My almost 4-year-old son, Branko, has a very annoying and sometimes scary chronic illness. As a result, we have had numerous hospital stays, ranging anywhere between two and 24 days.
When he was first diagnosed, I was a new mom and already overwhelmed by the newsletters, the mommy group chats and all the parenting advice from all the others who had done it flawlessly before me. I had to sift through multiple expert opinions, picking out the ones that might possibly be applicable to someone in Branko’s state of health.
Branko is kind of kicking this genetic disease’s butt right now. People often say, “I just don’t know how you do it!” To be perfectly honest, I don’t know how we do it, either. Here are a handful of the seven thousand “regular” rules we’ve broken, just in case you are a parent who needs to make yourself feel a bit better right now.
The Experts Say: No screen time for the first two years.
Our reality: We birthed a YouTube addict.
Branko has unlimited screen time when he’s in the hospital. And it’s not just the iPad. The TV usually needs to be on as well. Not too long ago, he had a slight addiction to Kinder Egg “unwrapping” videos on YouTube, the ones that feature a pair of hands unwrapping, cracking open, and then playing with the toy inside each egg. He would watch these over and over and over, eyes glazed and mouth slightly ajar, ready to shout “again!” once the video ended. If we were too slow, he would cry. Then I would cry.
Right now we cannot even say the words “you” and “tube” in our home, in any combination or context. I once said “yoo hoo” as in, “look over here!” I quickly noticed his excitement and immediately confirmed YouTube doesn’t work anymore. They deleted it from the internet, Branko, because of all the iPads being flung out of moving vehicles.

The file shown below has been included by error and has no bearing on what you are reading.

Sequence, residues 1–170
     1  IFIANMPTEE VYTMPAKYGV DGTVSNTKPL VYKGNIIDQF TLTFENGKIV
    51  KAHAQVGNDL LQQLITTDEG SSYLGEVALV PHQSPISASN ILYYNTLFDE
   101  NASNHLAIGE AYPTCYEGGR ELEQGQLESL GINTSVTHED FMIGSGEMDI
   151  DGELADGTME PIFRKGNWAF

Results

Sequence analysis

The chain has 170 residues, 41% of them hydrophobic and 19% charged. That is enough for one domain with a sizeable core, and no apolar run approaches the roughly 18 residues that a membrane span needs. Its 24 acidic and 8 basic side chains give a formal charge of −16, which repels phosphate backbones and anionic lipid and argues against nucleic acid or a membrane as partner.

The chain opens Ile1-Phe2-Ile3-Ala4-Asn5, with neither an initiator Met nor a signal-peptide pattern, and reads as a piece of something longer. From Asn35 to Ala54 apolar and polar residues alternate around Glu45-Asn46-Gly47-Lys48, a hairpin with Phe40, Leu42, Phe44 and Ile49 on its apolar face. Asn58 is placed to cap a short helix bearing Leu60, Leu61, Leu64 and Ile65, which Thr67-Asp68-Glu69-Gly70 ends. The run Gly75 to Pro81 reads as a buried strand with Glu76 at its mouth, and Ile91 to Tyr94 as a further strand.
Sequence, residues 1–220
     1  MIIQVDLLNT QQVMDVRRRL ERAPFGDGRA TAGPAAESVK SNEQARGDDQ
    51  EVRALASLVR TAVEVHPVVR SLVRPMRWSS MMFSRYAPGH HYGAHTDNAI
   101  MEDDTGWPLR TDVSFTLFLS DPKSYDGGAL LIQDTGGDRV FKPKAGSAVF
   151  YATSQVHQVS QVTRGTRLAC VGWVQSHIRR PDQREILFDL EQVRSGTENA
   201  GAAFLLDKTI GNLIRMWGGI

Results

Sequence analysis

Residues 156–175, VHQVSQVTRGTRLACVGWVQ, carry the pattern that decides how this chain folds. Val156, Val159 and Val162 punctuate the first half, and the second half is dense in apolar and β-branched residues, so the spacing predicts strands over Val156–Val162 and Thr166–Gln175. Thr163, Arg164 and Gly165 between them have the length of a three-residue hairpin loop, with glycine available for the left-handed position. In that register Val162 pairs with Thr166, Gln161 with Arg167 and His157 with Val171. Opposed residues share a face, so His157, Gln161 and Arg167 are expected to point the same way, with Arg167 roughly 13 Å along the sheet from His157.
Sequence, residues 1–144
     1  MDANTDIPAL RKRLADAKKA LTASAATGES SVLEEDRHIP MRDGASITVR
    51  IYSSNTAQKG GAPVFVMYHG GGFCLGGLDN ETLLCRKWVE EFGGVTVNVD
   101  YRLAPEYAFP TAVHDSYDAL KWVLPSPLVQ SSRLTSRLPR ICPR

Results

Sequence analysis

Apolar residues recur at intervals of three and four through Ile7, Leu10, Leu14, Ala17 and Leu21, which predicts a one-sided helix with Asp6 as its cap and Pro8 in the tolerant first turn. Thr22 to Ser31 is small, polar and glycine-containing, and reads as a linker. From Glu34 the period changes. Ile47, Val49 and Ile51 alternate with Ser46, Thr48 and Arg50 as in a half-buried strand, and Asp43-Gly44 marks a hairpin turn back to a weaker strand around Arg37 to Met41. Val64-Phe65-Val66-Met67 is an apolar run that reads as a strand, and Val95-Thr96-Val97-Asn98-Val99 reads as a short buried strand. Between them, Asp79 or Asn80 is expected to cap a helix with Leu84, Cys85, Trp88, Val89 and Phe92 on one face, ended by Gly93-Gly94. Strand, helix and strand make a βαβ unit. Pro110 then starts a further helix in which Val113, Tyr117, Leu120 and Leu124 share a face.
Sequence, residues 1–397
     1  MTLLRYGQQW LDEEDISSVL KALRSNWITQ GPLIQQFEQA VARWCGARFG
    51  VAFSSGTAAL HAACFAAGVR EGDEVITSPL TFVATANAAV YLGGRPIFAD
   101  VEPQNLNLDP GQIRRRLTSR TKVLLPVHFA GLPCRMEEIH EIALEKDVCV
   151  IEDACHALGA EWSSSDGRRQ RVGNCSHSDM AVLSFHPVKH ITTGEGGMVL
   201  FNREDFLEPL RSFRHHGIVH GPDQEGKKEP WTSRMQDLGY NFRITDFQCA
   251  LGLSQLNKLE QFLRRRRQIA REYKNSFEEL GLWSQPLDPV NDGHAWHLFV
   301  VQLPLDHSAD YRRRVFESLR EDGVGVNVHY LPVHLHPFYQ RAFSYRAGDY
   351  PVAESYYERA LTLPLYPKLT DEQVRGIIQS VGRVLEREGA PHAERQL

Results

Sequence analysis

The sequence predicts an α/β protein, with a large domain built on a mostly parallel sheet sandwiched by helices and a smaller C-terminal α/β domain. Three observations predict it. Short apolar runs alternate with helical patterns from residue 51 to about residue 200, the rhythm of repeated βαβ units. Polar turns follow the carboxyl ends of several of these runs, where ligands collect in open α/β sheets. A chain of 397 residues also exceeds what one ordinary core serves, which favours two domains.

The Experts say: Four servings of fruits and vegetables each day.
Our reality: Chocolate donut marathons.
For exactly 11 days, while in the hospital, he ate only chocolate donuts (Timbits, actually) for breakfast, lunch and dinner. We gave him loads of other options. His respirologist would laugh and say, “At least he’s getting some calories!”
No, impossibly-young-and-well-rested-doctor, you don’t have to stare at his chocolate-stained teeth and his maniacal grin while he holds both an iPad and a cellphone, watching the creepy “Superbabies” episode of Dora The Explorer over and over and over on the TV. You didn’t have a panic attack when the Tim Horton’s downstairs ran out of chocolate donuts, which of course would only happen in our hospital, during this particular hospital stay.
The Experts Say: Maintain a consistent bedtime routine.
Our reality: Bedtime shmedtime.
Kids are supposed to have schedules, right? They apparently thrive on consistency. Well, sorry, but we have zero consistency when Branko is sick. We are constantly being interrupted by these horrible monsters with stethoscopes and needles, who go from room to room in an effort to traumatize as many people as possible per hour. They never come at the same time two days in a row. And it’s never the same person two days in a row. And why are vitals taken every three hours today when they were every one hour yesterday? And why do physiotherapists only enter the room at the exact moment Branko’s eyes close for a nap?